We’ve visited Lot J. Here comes Lot K. After a short stint outside.
It is a dark and chilly night. Day crowds have left and only a few stragglers remain, roaming around that exterior set. Visiting the sets late is such a good idea. Walking inside the house on Privet Drive, peeking through the windows of the Knight Bus. And of course…
… posing inside the twisted bridge seen in the Deathly Hallows. As I said, it is a chilly night. We don’t linger. On to Lot K.
In the make-up room, we learn enough about creating a latex mask for Gringotts bankers, not to try it at home. It is wayyyyyy too long a process. Opposite side in the same room, kids are being goofy in front of screens recreating their movements as animated Dobby, the much-loved house elf. Oh Dobby, why did you have to die? My two daughters still haven’t gotten over Dobby’s death on a Scottish beach. Wonderful scenery, gusty winds, epic sacrifice – tragic story. Having Dobby and Gringotts goblins in the same room is like the ying and yang of Harry Potter.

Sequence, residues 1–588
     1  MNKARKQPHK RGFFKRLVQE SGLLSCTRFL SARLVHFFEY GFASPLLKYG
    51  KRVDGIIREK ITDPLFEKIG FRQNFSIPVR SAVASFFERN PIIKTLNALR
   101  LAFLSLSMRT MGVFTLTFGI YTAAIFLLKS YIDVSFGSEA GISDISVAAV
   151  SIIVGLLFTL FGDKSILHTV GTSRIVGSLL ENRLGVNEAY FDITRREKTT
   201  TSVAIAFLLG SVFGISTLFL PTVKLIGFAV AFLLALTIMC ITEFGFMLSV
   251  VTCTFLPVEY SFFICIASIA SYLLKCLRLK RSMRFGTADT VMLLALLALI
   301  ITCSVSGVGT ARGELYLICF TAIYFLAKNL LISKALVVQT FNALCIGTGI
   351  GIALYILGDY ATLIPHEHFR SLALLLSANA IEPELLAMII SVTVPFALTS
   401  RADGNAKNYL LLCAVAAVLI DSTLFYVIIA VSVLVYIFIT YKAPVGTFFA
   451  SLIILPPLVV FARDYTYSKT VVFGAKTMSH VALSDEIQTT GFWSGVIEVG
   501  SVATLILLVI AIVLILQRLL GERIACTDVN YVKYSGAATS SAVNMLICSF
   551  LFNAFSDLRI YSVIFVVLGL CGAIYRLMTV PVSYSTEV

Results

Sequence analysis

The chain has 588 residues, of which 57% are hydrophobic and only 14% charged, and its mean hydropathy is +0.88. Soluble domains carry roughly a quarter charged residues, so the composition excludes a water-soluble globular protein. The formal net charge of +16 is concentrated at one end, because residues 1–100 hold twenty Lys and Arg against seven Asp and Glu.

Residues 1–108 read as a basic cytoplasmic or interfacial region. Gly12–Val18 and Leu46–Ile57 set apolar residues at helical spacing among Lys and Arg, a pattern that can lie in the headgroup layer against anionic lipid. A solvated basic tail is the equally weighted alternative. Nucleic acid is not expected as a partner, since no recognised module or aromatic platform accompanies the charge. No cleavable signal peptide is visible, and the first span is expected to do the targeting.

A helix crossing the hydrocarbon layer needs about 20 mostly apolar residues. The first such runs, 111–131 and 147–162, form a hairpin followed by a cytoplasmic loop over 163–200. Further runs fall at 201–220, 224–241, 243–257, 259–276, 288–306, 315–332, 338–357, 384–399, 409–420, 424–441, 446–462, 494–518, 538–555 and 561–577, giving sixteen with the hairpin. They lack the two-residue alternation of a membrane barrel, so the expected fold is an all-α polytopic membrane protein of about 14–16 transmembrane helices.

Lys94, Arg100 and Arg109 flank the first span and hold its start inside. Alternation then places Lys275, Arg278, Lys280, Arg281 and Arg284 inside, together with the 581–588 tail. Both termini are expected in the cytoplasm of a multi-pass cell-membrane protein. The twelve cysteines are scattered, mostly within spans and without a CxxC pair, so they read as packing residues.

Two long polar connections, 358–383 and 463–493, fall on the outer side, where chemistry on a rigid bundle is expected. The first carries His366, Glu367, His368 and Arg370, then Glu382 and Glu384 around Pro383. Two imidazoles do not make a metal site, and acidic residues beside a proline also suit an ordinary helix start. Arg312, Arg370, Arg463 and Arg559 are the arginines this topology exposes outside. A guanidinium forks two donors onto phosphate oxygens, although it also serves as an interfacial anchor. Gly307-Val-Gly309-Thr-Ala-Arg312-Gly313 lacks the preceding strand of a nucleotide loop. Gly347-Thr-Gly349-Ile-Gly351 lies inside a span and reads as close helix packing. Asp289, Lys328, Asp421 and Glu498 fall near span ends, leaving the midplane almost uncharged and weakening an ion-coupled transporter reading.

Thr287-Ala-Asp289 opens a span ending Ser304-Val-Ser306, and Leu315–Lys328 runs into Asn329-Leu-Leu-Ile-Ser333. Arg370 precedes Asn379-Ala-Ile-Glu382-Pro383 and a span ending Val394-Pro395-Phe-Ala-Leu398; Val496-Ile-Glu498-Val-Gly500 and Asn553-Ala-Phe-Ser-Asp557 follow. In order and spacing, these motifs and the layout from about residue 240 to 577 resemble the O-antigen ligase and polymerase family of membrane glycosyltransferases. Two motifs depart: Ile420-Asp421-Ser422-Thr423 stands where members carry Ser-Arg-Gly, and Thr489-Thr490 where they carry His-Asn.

Talking about Gringotts.
If you have ever wished to walk inside an elegant bank for rich wizards where goblins know you by name and tellers whisper secrets to each other, let’s just say that you’ve hit the jackpot. Decorators have done a bang-up job of creating a Victorian-looking bank with mosaics, fake marble columns and ridiculously high ceilings. It’s Gringotts for you. We’re in awe.
The vaults, now, that place is much closer to a boat-in cave worthy of Pirates of the Caribbean than of a bank. So much gold and sparkles! We’re officially dazzled. Really dazzled. More fairy dust to come.
Hogwarts comes next – as a model yet large replica. A young gay couple is taking selfies, sharing their favorite Harry Potter memories with a member of staff. They look so happy to be here – proof that you don’t need to be underage to appreciate this visit. Speaking with the same member of staff, I learn that the winter look of the studios is much more than Christmas trees in the Great Hall or snow falling on the Hogwarts model. It’s winter scenes of many sets, fake snow samples to compare and Chistmas decorations everywhere. That’s it. I want to come back when it’s Christmas!